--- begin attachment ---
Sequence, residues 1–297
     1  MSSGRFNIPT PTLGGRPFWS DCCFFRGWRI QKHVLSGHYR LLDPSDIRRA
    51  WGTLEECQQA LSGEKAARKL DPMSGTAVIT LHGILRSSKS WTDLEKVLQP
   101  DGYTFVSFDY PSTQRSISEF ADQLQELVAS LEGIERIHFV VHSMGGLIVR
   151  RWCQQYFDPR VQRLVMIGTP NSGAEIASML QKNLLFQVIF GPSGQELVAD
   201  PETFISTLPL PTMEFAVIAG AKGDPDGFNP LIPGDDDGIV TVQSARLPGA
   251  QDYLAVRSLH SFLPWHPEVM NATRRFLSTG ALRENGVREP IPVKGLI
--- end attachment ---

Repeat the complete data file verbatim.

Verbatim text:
Sequence, residues 1–297
     1  MSSGRFNIPT PTLGGRPFWS DCCFFRGWRI QKHVLSGHYR LLDPSDIRRA
    51  WGTLEECQQA LSGEKAARKL DPMSGTAVIT LHGILRSSKS WTDLEKVLQP
   101  DGYTFVSFDY PSTQRSISEF ADQLQELVAS LEGIERIHFV VHSMGGLIVR
   151  RWCQQYFDPR VQRLVMIGTP NSGAEIASML QKNLLFQVIF GPSGQELVAD
   201  PETFISTLPL PTMEFAVIAG AKGDPDGFNP LIPGDDDGIV TVQSARLPGA
   251  QDYLAVRSLH SFLPWHPEVM NATRRFLSTG ALRENGVREP IPVKGLI